Piece 7

by Beatrice
(US)

Original Text: Piece 7


Although Askari et al. distinguishes the aim of the regional governments on military expenditure in order to narrow down the wide ranging effects on economic performance and welfare, it seems that the reasons could be analyzed in more details. However, when a government transferring financial capital from civilian sector of its economy towards the military sector thus, reducing the investment potential in the civilian economy and production. Therefore, the ability of government to allocate resources towards the provisioning of civilian public goods such as education and health care are decreased. According to Askari et al., lower investment, increased inflation rate and reducing private civilian sector's investment, higher budget deficit and higher destruction of human life are the further possible negative effects of military expenditure. Not only, militarization affects the citizenry economic but also, the future generation suffer as oil resources have been used to finance military expenditure. Askari et al. discuss the oil revenues have provided a ground for financing the weaponry. Proceeding with the military expenditure for the Persian Gulf countries during 1998-2005, Saudi Arabia constitutes the major part of the Persian Gulf military expenditure, while other Persian Gulf countries that are comparable to one another. Askari et al. reiterate their major argument in this Chapter: the growth rate of military expenditure in the Persian Gulf has economic, historical and political reasons. Militarisation as representing the military sector of security could be explained, for example, by referring to regional securitization processes as suggested within the Copenhagen School theory. Additional depth is added to this analysis when the authors go through the detailed military expenditure in the Persian Gulf in Chapter Three.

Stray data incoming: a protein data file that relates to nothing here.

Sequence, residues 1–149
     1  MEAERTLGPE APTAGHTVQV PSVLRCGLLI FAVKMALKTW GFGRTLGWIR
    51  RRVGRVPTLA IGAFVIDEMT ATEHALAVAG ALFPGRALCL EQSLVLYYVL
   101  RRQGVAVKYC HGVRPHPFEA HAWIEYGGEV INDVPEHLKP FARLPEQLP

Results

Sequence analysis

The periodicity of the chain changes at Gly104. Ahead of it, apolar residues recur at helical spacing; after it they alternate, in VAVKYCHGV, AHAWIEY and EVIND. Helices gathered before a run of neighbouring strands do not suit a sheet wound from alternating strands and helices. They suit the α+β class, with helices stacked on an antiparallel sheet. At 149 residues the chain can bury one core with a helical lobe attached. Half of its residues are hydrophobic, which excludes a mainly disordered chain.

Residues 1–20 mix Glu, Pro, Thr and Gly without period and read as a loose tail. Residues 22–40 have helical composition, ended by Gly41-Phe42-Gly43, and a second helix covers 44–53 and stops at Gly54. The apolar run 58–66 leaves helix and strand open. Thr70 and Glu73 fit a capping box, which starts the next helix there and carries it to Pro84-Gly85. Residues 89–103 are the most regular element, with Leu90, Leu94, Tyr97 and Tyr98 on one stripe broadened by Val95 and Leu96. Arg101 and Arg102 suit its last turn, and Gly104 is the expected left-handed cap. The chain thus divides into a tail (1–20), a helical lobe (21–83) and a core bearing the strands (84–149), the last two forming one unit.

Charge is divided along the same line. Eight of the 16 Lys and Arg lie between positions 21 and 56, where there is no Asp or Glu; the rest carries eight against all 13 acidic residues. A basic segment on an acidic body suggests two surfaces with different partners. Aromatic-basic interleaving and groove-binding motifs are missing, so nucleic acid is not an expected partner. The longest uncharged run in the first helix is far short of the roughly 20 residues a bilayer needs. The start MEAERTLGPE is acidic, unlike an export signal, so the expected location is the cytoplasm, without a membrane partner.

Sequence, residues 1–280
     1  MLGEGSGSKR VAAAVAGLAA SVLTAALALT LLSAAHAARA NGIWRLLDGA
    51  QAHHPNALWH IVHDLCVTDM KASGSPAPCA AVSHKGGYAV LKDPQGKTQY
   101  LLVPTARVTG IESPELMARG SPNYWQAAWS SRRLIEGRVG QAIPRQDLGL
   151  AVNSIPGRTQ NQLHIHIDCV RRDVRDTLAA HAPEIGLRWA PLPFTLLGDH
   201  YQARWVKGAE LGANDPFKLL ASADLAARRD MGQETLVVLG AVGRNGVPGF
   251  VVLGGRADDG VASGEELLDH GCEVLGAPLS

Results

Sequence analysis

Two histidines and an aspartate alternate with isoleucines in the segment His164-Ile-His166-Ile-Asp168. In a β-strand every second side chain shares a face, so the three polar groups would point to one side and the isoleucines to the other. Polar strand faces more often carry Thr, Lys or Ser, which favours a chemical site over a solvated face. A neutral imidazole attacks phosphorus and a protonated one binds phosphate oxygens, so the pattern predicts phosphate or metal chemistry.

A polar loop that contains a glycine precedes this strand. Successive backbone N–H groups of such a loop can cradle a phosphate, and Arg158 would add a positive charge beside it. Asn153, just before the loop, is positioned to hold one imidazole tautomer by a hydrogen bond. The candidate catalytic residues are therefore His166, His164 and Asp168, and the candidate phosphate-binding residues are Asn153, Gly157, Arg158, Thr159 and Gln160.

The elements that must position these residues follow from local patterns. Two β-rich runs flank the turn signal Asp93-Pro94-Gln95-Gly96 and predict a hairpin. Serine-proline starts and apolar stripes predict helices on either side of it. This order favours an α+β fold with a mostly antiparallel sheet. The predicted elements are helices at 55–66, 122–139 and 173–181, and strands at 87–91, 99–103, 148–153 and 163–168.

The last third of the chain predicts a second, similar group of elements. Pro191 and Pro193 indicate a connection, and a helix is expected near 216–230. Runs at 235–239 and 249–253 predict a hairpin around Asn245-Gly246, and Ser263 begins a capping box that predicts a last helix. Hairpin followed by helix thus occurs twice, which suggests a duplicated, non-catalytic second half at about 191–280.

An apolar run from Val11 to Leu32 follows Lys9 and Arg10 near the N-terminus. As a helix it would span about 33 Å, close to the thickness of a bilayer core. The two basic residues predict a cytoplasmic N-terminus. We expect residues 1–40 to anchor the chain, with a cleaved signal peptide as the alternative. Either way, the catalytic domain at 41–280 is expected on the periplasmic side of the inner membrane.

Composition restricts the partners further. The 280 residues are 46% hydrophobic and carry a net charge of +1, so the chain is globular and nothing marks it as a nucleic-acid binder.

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Revised Text:

Although Askari, et al. distinguish the aim of the regional governments on military expenditures in order to narrow down the wide ranging effects on economic performance and welfare, it seems that the reasons could be analyzed in more detail. When a government transfers financial capital from the civilian sector of its economy towards the military sector, it reduces the investment potential in the civilian economy and production. Therefore, the ability of government to allocate resources towards the provisioning of civilian public goods, such as education and health care, is decreased. According to Askari et al., lower investment, an increased inflation rate and reducing the private, civilian sector's investment, higher budget deficits and a higher destruction of human life are the further possible negative effects of military expenditures. Militarization not only affects the citizenry's economics, but also future generations suffer as oil resources have been used to finance military expenditures.

Askari et al. discuss oil revenues having provided for financing of weaponry. Looking at the military expenditure for the Persian Gulf countries during 1998-2005, Saudi Arabia constitutes the major part of the military expenditures, while the other Persian Gulf countries are comparable to one another. Askari et al. reiterate their major argument in this Chapter: the growth rate of military expenditure in the Persian Gulf has economic, historical and political reasons. Militarization, as representing the military sector of security, could be explained, for example, by referring to regional securitization processes as suggested within the Copenhagen School theory. Additional depth is added to this analysis when the authors go through the detailed military expenditures in the Persian Gulf in Chapter Three

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